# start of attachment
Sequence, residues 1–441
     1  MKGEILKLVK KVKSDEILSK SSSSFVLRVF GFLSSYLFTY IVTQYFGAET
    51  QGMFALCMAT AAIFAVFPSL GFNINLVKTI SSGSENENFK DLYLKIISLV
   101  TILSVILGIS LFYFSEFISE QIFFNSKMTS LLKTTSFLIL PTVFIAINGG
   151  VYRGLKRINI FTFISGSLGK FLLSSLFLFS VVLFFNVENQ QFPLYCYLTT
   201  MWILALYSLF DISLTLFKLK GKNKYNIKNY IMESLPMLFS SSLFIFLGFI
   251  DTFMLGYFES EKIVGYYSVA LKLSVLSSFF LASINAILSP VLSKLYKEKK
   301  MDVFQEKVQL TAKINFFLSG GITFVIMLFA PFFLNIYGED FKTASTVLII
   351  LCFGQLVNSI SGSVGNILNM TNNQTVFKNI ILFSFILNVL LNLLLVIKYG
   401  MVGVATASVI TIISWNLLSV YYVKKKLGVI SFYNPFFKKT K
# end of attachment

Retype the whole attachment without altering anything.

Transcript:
Sequence, residues 1–441
     1  MKGEILKLVK KVKSDEILSK SSSSFVLRVF GFLSSYLFTY IVTQYFGAET
    51  QGMFALCMAT AAIFAVFPSL GFNINLVKTI SSGSENENFK DLYLKIISLV
   101  TILSVILGIS LFYFSEFISE QIFFNSKMTS LLKTTSFLIL PTVFIAINGG
   151  VYRGLKRINI FTFISGSLGK FLLSSLFLFS VVLFFNVENQ QFPLYCYLTT
   201  MWILALYSLF DISLTLFKLK GKNKYNIKNY IMESLPMLFS SSLFIFLGFI
   251  DTFMLGYFES EKIVGYYSVA LKLSVLSSFF LASINAILSP VLSKLYKEKK
   301  MDVFQEKVQL TAKINFFLSG GITFVIMLFA PFFLNIYGED FKTASTVLII
   351  LCFGQLVNSI SGSVGNILNM TNNQTVFKNI ILFSFILNVL LNLLLVIKYG
   401  MVGVATASVI TIISWNLLSV YYVKKKLGVI SFYNPFFKKT K